book III, a commentary
by Vincent Hunink
Gieben, Amsterdam 1992
In my first
major research project I studied Lucan's fascinating epic (or anti-epic) on the
civil war between Caesar and Pompeius. The poem was written during the reign of
Nero (about 60 to 65 A.D.) This was my main research project in the period 1988-1991.
It resulted in a PhD dissertation (1992).
epic Bellum Civile of the Roman poet Marcus Annaeus Lucanus (39-65) deals
with the civil war between Julius Caesar and Pompeius in 49-47 B.C. Their
conflict is elaborately described in powerful verses full of paradox, witty
maxims, and strong pathos.
study is a commentary on the third book of Lucan's epic, on which no separate,
modern commentary was available as yet. The most important parts of Lucan's book
are a long catalogue of Pompey's troops, and a highly original account of a
naval battle near Marseille.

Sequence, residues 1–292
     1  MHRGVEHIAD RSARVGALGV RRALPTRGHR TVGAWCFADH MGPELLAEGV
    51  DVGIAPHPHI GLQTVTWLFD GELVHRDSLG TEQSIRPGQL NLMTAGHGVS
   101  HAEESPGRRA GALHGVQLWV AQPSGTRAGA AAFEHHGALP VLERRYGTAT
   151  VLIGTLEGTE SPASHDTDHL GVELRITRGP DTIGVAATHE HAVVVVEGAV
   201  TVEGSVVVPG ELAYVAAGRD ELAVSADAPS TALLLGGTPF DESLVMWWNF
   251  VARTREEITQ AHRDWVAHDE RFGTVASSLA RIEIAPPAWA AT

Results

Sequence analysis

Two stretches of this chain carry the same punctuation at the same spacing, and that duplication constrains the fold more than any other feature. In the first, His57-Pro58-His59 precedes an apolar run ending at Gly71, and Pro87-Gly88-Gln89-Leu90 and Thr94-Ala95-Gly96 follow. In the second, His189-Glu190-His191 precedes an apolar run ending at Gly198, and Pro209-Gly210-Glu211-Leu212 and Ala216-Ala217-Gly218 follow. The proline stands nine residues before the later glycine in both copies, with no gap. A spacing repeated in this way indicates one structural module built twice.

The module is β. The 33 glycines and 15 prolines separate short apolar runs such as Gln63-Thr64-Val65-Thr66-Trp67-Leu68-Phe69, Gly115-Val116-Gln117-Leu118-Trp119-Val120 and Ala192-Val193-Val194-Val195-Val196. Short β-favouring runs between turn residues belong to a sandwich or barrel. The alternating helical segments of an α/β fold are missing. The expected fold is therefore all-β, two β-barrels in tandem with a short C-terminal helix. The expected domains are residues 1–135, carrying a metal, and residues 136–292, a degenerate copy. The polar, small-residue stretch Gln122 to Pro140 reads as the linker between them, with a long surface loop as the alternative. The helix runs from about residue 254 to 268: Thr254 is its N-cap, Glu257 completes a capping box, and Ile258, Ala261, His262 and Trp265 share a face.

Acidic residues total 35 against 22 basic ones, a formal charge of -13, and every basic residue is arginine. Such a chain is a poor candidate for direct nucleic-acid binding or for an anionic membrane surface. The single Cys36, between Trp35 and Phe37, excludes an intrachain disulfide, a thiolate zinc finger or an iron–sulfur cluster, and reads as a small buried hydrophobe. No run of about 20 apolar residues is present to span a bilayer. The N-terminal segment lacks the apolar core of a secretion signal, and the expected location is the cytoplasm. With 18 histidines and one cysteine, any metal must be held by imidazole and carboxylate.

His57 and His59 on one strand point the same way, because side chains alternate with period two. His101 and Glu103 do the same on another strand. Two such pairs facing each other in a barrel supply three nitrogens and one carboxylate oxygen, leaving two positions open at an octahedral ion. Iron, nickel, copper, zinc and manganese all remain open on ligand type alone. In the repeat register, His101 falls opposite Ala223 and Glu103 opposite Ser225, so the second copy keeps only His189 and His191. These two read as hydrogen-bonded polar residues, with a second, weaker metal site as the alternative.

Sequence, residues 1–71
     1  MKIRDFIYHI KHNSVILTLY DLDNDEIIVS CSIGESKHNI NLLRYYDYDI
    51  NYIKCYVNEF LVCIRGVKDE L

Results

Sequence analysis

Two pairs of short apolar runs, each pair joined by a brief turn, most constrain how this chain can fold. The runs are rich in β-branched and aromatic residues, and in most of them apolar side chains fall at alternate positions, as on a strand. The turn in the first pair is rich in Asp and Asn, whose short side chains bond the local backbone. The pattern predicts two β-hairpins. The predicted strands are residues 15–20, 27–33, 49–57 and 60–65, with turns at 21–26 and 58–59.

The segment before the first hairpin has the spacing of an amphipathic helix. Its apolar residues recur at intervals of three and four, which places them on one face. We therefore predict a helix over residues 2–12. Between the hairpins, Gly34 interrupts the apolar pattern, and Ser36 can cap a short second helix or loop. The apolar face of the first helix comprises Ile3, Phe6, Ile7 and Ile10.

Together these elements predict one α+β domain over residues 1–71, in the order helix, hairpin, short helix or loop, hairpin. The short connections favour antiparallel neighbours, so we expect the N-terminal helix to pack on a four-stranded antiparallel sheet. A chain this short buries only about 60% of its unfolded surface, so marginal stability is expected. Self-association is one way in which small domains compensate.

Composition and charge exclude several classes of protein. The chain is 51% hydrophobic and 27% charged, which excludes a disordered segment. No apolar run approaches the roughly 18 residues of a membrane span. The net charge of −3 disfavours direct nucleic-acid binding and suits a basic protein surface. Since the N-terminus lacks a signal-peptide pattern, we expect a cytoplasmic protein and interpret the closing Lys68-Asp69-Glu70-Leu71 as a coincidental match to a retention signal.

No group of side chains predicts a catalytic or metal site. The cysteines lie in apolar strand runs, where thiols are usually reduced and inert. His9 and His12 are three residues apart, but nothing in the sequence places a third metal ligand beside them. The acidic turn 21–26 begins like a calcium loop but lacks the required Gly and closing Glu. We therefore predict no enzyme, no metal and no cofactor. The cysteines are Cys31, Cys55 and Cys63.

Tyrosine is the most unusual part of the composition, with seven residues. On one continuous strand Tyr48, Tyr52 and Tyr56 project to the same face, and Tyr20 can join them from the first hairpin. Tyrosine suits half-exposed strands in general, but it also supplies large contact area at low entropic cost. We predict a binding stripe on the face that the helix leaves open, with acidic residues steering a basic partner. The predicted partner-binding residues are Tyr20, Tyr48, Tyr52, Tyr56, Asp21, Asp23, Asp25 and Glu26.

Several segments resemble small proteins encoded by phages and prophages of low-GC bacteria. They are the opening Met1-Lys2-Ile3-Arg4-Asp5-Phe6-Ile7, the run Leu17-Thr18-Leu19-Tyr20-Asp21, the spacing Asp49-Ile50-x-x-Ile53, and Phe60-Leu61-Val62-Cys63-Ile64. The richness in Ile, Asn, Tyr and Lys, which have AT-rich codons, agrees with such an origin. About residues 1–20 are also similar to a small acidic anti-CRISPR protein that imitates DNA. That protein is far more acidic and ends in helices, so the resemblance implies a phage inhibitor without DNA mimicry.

civile is a complex text, which
confronts its reader with countless problems, both textual, and linguistical and
thematic. The commentary attempts to identify the most important of these
problems and, wherever possible, formulate solutions to them. At many points the
Latin text is explained and interpreted first. This interpretation is made on
the basis of a general concept of the poem as, above all, a rhetorical poem.
The poet does not fully concentrate on matters of history and science, on
philosophical or political aspects, but always strives after maximum rhetorical
lemmata of the commentary focus on literary and rhetorical functions given to
the material in the poem. Special interest is paid to Lucan's transformations of
traditional epic material, from predecessors like Vergil and Ovid.
commentary is destined for several groups of readers, ranging from professional
Latinists to students of classics. Therefore, compromises had to be found on
many points. Throughout, the main aim of the commentator has been to facilitate
access to Lucan's text.
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